Elsa Anne Ekenstierna came to Marietta in September of 1952, a blue-eyed and bushytailed native of Roselle, New Jersey, prepared to start her college education.
Her high school guidance counselor convinced her that Marietta College would be the perfect choice. Nine students from her high school had attended or were currently attending Marietta College. Her mother drove her out – an entire day’s drive in those days before interstate highways.
Immediately, she fell in love with Marietta’s small town charm. She studied English and drama at Marietta College and pledged Chi Omega. It was there that her life changed forever when she met my grandfather, William H. (Bill) Thompson, Jr. I’ve heard the story more times than I can count, but it never gets old, so of course, for the purpose of this very professional and detailed interview, once more wouldn’t hurt.
“I was in the midst my senior year. I was a singer, and he was a musician, a jazz pianist. We’d never been introduced, but someone said to him “you oughta get to know Elsa.” As it turned out, we were in the same 16th century English class together. One day after class, he introduced himself and asked to hear me sing.
We walked to the college music room and I sang “Lover Man,” (a Billie Holliday tune) for him, as he accompanied me on piano.
He asked me to join his band for a telethon on WTAP, which I agreed to. So, a couple of days later – must have been a Saturday -the Chi Omegas were having a rush party, and someone called me to the phone. I heard a voice on the other line say “Elsa, this is Bill, can I come out to pick you up and we can rehearse at my house?”
Well, you’re never supposed to leave a rush party, but I didn’t care. I left. We practiced, and I met his mother, out in their old farm house, which sat where today’s Exit 1 off I-77 is located. We were driving on the way back when suddenly he said “I don’t suppose you’d go out with me?”
I was pinned to someone else at the time (essentially, engaged), to someone who was away from school. Besides, all of my sorority sisters were always going out on dates, so I agreed. He picked me up the following night. We went to the American Legion, since he was a veteran, having played in the Second Army Band. We drank some beer, danced, talked, and after he drove me back, he parked in the President’s driveway across from the Chi Omega house. All of a sudden, he takes off his glasses, leans over, and kisses me. He says “Elsa, I think we should get married.” I said, “I think we should, too!”
The wedding was the following June, and the rest is history. These days, my granny can be hard to get ahold of – she’s always at it, whether “it” refers to working nearly full time at Bird Watcher’s Digest (BWD), volunteering at Campus Martius Museum, serving on church council at St. Luke’s Lutheran (where she often organizes fellowship events), participating in Morning Rotary, and on the House Corporation for Chi Omega Sorority (National). She’s also a former trustee of Marietta College, one of the founders of the Marietta Natural History Society and the Marietta Farmer’s Market, and she just got invited to be a board member of the Salvation Army.
The woman is busy. Call her home phone, and either she’ll pick up (accompanied by the background hum of law and order SVU, steam releasing from the iron, and the occasional dog bark), or you’ll be treated to her self-recorded singing voicemail. The voicemail chimes, in typical Elsa fashion, “What’ll you do when I am far away, and can’t speak to you, what’ll you do? Huh? Leave a message? What a GREAT idea!” CLICK. Believe it or not, I got ahold of her on a lazy Saturday afternoon.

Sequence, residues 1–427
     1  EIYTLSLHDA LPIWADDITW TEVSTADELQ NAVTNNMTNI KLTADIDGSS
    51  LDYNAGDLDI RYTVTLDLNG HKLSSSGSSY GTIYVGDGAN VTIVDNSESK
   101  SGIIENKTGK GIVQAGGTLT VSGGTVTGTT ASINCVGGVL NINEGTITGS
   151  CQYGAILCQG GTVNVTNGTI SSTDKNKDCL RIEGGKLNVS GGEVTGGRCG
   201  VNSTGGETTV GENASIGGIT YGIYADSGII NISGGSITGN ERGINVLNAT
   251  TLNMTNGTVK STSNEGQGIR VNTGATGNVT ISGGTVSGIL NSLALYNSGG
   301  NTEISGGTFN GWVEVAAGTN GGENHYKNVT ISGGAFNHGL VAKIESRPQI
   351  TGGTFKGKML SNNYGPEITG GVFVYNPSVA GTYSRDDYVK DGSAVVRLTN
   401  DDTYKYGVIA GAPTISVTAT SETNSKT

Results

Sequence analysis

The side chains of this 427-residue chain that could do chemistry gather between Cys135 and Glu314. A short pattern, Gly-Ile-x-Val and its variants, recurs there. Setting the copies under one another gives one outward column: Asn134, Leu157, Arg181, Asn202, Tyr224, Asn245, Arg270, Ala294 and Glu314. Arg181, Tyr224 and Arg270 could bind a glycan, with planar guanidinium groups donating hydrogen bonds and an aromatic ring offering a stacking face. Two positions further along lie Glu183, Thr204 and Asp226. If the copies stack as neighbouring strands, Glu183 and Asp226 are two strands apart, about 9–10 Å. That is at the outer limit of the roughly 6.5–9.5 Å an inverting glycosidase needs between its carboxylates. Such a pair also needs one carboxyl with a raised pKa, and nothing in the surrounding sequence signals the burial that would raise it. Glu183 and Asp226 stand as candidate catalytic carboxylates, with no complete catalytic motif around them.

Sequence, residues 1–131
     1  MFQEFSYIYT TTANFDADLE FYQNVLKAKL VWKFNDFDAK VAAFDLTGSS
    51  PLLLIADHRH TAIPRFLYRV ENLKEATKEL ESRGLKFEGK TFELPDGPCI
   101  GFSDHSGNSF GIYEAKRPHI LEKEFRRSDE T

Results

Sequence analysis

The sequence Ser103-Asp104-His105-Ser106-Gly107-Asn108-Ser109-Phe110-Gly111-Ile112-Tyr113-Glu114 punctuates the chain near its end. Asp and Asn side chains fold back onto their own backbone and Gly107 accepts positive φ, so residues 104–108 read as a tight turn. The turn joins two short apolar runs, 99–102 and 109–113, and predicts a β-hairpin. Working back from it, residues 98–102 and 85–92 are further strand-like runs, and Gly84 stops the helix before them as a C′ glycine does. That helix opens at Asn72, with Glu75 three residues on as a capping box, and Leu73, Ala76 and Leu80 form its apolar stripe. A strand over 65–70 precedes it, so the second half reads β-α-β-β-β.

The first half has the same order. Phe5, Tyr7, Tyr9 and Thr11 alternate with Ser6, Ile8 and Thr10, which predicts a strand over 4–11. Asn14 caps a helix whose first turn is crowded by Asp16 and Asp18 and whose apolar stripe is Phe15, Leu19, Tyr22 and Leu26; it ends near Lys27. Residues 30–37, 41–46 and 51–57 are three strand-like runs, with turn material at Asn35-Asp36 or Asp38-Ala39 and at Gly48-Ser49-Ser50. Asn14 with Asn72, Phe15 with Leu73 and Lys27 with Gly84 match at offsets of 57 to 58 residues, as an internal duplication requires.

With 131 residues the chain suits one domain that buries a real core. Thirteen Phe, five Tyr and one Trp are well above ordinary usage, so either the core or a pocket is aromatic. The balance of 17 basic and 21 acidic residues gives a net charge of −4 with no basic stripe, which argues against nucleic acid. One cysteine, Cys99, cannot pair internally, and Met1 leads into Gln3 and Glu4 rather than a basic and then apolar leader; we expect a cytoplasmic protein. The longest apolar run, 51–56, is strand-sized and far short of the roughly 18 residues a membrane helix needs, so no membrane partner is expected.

“HELLLOOOOO! I heard on the other line.
“This is Annalea.”
“WHO??” she replied, accompanied by a cackle of laughter.
She’d just gotten back from helping plan the German Faschnacht dinner at church; a yearly event full of joyous music, congregation members dancing, and homemade soups (even take-out!).
I wanted to know about our family business. My first question for Granny was an obvious one: How did BWD come to be? She had her answer ready. “Well, Bill had a degree and Master’s in journalism, he’d worked with the college as the VP of Development, while I had taken up an interest in bird watching. A friend and professor at the college, Bill Sheppard had previously launched Pro Football Digest, and was willing to help us by editing the first issue. We hired a clipping service to clip any newspaper articles about birds, bird watching, etc. Before you knew it, we’d identified hundreds of writers and columns. There seemed to be a lot written about birds, and many astute birdwatchers. We wanted to put something together to form a compelling and informative publication about bird watching. We started the business out of our house – we went to a local printer with the articles and decided to have it be digest size. Richardson Printing did it for us, and they had a perfect binder we needed for our digest-sized publication.
Sept 1978 was the first issue – we sent out about 34,000 copies to every name we could identify. We got a small response, about a 7-8% return, which wasn’t amazing, but it was encouraging enough that we decided we would continue. One of the first issues happened to go to Roger Tory Peterson, probably one of the most respected bird watchers of all time. He sent us a very detailed critique of the issue, including what we should and should not include. It was very good advice. We were in our house with the business for five years, and it was tough on the children (Billy, Andy, Laura).